Lisa Strum and her husband arrived to vote at Lindell School in Long Beach just before the evening rush and found a pleasant surprise -- an orderly polling place.

"It's not hectic, it's not wall-to-wall people," Strum said. "It's well managed."

Strum normally walks six blocks to the polls, but she and her husband are staying in Valley Stream because of damage to their home. Like the city where they live, their voting plans were thrown into upheaval at the last minute by superstorm Sandy.

Long Beach, which was crippled by flooding and wind damage during Sandy, was the site of heavy poll consolidation Tuesday. Eight polling sites in Long Beach, Lido Beach and Point Lookout were merged into three.

Long Beach's city buses provided transportation to polls, where voters also arrived by car, bicycle and on foot.

City Manager Jack Schnirman described voting as "a little chaotic," "confusing" and "very busy," but added that the makeshift plan was well executed given the circumstances.

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Numerous poll workers at different polling places agreed with Schnirman's assessment -- they described turnout as heavy but orderly throughout the day.

"They're doing the best they can with the muddle that they have," Schnirman said.

At Bishop Molloy Recreation Center in Point Lookout, which also accepted voters who normally vote at Lido Beach Middle School, residents voted in a dusky room with faint light powered by a whirring generator. National Guardsmen at the scene said they were on hand to make sure the generators were used safely.

Sue Nagel of Lido Beach, who usually votes at Lido Middle, said voting was efficient.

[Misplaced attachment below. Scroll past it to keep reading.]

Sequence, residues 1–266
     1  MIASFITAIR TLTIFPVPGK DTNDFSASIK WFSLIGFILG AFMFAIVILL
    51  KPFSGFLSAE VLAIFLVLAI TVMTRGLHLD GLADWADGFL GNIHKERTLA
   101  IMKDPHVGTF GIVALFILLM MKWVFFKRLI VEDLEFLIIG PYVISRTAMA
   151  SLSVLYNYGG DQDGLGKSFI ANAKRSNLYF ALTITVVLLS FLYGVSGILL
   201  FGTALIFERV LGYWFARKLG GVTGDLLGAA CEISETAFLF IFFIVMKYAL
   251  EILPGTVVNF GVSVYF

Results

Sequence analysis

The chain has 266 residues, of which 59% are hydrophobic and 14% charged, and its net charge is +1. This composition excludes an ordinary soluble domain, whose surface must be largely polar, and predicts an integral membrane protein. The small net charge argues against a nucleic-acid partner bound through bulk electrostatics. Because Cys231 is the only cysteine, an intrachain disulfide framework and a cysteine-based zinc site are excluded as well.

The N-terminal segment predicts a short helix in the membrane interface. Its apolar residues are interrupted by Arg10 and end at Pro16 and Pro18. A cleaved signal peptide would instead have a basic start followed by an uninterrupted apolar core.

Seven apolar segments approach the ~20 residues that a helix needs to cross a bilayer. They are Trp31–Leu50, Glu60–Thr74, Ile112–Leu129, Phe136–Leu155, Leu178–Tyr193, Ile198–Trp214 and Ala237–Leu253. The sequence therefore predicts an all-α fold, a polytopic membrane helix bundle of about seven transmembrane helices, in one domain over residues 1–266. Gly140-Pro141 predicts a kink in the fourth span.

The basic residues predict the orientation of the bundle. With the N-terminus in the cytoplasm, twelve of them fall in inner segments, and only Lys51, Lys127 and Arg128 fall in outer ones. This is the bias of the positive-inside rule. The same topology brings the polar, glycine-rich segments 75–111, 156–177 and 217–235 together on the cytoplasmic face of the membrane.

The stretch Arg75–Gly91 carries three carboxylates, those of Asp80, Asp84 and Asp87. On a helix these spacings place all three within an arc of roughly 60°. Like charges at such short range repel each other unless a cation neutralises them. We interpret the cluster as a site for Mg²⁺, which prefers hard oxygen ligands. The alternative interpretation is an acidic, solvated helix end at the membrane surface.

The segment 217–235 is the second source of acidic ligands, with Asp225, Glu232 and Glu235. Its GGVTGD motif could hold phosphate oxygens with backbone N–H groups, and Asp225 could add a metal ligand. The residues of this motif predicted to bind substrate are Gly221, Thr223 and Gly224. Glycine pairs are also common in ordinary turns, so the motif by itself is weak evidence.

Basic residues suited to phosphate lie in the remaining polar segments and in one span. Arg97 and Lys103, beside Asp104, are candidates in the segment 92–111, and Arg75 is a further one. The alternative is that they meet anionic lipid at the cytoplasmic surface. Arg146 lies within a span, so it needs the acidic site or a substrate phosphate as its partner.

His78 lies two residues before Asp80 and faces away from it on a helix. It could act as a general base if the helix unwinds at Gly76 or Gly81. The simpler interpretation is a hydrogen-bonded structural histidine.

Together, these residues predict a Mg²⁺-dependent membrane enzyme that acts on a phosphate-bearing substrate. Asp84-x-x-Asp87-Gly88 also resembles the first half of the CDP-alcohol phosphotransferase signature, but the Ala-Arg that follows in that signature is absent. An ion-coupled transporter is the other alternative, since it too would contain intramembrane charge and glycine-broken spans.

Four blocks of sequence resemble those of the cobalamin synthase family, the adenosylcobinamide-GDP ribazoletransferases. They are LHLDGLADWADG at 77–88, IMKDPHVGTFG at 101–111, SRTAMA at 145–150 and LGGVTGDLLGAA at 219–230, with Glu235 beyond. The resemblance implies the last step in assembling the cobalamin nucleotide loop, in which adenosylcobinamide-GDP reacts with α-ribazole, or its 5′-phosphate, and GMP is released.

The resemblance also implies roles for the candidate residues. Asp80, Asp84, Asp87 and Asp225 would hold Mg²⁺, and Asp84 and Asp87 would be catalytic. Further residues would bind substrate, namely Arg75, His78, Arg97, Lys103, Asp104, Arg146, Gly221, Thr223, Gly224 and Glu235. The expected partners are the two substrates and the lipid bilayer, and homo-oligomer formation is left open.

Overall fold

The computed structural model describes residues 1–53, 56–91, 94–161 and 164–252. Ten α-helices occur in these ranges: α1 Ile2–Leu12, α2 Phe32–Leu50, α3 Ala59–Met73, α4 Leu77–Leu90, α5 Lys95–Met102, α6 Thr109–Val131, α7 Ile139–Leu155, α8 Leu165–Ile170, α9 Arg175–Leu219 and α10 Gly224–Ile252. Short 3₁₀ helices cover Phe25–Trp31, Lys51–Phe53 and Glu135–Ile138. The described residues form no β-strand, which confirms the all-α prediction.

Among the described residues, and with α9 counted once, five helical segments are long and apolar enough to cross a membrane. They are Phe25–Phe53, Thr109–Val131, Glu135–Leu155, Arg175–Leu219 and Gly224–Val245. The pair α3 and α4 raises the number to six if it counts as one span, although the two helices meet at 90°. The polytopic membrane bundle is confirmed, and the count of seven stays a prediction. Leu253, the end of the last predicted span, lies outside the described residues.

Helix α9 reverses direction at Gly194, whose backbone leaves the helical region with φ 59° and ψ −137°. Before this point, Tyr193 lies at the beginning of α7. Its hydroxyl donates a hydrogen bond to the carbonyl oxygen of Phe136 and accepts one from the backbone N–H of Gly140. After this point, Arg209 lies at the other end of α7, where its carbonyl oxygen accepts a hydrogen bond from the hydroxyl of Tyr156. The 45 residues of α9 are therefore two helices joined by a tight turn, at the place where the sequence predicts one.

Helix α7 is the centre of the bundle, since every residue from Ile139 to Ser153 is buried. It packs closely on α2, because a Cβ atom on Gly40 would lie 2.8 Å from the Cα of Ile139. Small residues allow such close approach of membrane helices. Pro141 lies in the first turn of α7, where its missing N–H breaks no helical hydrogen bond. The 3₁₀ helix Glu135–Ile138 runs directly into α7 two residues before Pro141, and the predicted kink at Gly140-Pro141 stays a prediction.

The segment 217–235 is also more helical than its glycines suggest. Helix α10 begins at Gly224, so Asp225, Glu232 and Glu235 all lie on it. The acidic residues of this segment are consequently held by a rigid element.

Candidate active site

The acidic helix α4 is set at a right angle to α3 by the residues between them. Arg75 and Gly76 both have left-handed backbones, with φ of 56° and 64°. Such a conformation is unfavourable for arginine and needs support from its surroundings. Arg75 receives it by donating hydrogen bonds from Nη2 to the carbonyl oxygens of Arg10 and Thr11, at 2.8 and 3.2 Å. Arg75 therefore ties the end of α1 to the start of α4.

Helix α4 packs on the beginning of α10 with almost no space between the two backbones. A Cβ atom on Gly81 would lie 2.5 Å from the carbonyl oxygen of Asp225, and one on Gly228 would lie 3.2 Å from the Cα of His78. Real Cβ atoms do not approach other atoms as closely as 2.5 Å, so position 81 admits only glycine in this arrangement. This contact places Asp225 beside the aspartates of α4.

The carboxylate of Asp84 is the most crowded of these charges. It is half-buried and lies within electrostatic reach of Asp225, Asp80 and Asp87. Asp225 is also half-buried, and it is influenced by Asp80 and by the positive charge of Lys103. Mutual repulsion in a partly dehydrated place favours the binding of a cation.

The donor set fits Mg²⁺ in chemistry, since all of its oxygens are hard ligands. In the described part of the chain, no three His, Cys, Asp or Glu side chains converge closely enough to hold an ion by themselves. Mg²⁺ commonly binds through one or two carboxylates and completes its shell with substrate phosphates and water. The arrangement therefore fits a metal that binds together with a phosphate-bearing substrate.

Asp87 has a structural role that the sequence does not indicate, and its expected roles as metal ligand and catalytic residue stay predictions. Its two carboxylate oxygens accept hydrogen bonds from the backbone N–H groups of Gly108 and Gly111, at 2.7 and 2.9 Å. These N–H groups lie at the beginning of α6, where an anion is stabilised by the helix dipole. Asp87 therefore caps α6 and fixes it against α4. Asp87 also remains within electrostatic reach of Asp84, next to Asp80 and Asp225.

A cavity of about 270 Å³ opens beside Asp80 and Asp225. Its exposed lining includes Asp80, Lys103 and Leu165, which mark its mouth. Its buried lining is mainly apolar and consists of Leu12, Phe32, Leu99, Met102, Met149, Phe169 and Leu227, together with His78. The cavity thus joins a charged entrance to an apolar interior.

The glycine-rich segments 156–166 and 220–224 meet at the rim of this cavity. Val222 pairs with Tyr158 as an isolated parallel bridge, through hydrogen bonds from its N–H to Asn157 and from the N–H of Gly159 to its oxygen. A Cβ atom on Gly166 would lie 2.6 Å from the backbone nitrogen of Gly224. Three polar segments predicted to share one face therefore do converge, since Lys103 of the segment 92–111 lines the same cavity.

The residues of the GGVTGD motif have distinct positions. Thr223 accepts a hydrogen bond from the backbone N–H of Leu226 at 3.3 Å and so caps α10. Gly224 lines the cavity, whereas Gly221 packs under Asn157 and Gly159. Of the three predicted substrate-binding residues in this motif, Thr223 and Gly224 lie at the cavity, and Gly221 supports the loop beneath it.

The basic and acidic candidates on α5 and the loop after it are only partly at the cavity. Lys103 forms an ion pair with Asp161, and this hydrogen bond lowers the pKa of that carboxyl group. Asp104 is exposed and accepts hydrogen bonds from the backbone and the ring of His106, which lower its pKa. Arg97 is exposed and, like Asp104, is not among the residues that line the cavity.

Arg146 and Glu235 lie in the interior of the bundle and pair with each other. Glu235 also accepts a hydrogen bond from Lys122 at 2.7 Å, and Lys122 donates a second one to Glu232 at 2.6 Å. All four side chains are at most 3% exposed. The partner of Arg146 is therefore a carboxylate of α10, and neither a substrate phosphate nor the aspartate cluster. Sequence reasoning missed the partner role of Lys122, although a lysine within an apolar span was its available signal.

"Everybody's either voting early and then cleaning out their basement, or the opposite," Nagel said.

Some supporters of Assemb. Harvey Weisenberg, a Democrat who lives in Long Beach, said they feared the assemblyman's local base would be kept from the polls by storm damage. Weisenberg is defending his seat against David Sussman, a Republican from Lawrence.

Before the results, Weisenberg said he was "not concerned about politics in any way." He said he was using the day to bring food to Sandy victims.

"It's in God's hands," he said, adding that turnout at his polling place was heavy but orderly.

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At Lindell School, which took voters who were originally scheduled to vote at four different polling places, Anthony Kirkem said he rode his bike two miles to cast a ballot. He said he has no power or heat at his home, and usually votes at Long Beach City Hall, which is closer to his home than Lindell. But, he said, nothing was keeping him from voting.

The fact that poll workers were "very helpful" at busy Lindell was a big plus, Kirkem said.

"It was orderly, orderly," Kirkem said.